Science in the Ancient World

Science in the Ancient World

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When we look at the heavens on a clear moonlit night, the twinkling stars and the silvery moon seem to be staring at us. Some acquaintance with astronomy might make us reflect on the incredible distances that separate us from the celestial bodies. We may have heard, for example, that the Pole Star, which is visible in the northern hemisphere, is some four hundred plus light years away: that is to say, that light from that star reaching us this night began its journey more than four hundred years ago.

It is no less exciting to reflect upon the fact that millennia ago, in China and India, in Babylon and Northern Africa, in ancient Greece and North America, and elsewhere human beings like ourselves gazed at that same star and wondered about it also. The same human spirit, encased in different frames, scanned the same skies and made very similar efforts to understand what it was all about. It is the elaboration of how this was realized over the ages that constitutes the history of science.

Thus, like all history, the history of science is an exploration into past events and accomplishments. It is also a recalling of the glories and blunders of our ancestors. But unlike most other histories, the history of science transcends (or ought to transcend) national boundaries. In its more universal aspects, it searches for the trials and triumphs of the human mind, rather than for national pride and cultural boasting, though this latter urge takes over now and again.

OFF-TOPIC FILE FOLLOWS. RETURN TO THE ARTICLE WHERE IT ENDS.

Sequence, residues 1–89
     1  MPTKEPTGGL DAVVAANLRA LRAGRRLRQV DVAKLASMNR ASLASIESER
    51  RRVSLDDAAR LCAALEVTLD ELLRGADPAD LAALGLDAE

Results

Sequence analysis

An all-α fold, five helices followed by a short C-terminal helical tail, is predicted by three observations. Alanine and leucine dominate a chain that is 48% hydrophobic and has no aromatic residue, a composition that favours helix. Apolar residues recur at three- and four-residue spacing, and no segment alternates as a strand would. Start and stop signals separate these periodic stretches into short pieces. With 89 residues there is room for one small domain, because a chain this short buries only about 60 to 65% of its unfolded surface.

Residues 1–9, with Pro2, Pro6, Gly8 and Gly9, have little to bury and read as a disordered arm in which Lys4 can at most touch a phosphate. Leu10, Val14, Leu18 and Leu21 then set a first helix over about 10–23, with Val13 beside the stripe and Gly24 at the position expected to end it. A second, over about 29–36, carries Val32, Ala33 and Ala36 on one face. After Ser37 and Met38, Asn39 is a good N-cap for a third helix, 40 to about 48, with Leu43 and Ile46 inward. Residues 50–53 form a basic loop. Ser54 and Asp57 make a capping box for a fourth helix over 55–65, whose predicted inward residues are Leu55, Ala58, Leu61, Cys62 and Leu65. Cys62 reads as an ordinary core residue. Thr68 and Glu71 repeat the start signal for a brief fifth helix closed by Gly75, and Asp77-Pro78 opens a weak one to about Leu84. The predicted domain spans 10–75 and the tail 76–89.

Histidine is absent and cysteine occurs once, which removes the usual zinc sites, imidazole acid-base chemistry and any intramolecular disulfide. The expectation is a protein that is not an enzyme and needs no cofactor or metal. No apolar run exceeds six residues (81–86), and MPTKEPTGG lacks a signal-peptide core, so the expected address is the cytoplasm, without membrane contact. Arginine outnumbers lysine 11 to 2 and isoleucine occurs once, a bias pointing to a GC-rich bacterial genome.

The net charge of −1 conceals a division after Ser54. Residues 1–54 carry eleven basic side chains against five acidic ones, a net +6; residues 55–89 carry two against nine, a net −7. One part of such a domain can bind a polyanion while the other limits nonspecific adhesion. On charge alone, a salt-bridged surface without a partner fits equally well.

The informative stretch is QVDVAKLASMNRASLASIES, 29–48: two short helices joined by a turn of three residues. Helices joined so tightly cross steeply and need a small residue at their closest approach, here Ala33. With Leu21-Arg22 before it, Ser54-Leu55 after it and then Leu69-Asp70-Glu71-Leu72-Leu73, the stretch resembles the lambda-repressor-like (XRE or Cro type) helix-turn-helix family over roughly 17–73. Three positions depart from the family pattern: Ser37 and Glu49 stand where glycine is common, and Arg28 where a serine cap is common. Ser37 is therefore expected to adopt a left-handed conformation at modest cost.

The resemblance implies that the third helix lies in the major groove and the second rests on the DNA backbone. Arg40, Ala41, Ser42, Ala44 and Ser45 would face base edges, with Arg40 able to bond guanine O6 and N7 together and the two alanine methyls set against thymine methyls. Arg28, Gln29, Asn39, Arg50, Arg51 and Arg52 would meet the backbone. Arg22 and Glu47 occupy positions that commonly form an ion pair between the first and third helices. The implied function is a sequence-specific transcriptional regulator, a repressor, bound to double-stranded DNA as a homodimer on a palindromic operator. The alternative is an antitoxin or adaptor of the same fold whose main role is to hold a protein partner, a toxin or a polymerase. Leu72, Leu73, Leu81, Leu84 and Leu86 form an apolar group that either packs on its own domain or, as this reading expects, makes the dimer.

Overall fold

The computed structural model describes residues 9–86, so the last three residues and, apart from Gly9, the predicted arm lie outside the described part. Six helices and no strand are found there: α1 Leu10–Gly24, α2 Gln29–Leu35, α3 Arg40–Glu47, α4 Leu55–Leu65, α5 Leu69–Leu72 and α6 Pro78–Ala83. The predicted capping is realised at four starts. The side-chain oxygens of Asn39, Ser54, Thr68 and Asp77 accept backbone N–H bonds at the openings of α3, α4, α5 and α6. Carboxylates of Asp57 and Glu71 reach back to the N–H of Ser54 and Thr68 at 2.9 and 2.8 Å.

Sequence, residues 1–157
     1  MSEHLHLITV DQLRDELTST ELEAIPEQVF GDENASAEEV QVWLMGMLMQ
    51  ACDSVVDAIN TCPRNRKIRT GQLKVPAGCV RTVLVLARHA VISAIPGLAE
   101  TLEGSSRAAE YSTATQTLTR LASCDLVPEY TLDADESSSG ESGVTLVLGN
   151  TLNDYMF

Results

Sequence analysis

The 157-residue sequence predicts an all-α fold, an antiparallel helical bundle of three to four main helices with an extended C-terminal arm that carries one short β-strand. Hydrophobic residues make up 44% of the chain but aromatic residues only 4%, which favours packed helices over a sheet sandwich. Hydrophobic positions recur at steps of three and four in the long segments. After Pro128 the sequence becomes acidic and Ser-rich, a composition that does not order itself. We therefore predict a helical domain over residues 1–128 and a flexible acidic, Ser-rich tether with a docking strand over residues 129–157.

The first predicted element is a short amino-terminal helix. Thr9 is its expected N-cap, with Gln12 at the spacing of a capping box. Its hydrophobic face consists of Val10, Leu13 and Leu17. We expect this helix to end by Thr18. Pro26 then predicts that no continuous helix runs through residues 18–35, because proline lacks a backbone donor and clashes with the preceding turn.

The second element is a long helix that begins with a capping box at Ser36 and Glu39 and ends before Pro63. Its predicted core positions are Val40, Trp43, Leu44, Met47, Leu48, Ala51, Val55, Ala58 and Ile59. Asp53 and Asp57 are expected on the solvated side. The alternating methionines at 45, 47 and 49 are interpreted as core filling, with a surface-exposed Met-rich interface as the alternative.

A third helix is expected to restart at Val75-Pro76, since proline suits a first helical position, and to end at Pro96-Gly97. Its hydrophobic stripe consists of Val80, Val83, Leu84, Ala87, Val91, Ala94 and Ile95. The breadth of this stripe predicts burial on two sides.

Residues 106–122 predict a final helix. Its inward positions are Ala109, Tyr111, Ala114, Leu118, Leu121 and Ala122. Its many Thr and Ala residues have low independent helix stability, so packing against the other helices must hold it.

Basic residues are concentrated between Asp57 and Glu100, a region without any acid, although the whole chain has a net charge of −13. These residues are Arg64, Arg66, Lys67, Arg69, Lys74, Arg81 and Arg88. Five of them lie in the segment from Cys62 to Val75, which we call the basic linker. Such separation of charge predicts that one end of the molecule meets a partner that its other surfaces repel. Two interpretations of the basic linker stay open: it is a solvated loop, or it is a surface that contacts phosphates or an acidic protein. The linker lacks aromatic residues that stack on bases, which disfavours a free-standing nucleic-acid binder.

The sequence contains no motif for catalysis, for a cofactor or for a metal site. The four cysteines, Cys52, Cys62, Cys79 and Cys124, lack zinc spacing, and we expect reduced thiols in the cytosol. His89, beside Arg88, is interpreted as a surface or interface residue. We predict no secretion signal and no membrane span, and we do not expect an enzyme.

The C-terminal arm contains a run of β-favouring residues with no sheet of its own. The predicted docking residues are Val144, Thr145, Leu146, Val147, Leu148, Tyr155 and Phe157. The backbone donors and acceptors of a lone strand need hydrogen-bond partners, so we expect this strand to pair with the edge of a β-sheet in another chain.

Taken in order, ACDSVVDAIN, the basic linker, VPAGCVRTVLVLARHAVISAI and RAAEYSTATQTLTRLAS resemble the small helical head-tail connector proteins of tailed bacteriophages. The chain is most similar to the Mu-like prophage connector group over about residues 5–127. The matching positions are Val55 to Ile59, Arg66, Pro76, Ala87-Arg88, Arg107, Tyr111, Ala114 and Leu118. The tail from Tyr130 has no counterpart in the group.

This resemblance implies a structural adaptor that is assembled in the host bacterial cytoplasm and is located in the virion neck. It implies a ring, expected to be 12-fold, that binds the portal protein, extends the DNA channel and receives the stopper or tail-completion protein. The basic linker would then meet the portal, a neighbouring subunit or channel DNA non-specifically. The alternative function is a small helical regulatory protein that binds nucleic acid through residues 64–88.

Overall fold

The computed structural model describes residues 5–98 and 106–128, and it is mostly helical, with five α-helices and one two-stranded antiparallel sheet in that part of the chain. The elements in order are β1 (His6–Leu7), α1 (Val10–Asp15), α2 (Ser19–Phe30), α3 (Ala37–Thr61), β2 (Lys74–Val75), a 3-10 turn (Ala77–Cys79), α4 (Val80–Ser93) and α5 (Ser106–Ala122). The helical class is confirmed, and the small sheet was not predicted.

Science in various forms and shapes found expression and developed in a hundred ways in different cultures at different times. Therefore, it is difficult to dissociate this study from specific peoples and periods. This is inevitable in the context of ancient times when there was far less communication and collaboration among peoples and cultures, and the scientific enterprise grew in different ways in different regions of the world.

In the next few entries I will reflect on some of the legacies of ancient science, and also some elements in the worldviews of ancient peoples. A recalling of these is important for recognizing that we are not the first or the only ones to engage in science, and also for appreciating the differences between the pre-modern and the modern in their ways of apprehending the world, while remembering that both modes are very much present in our own times.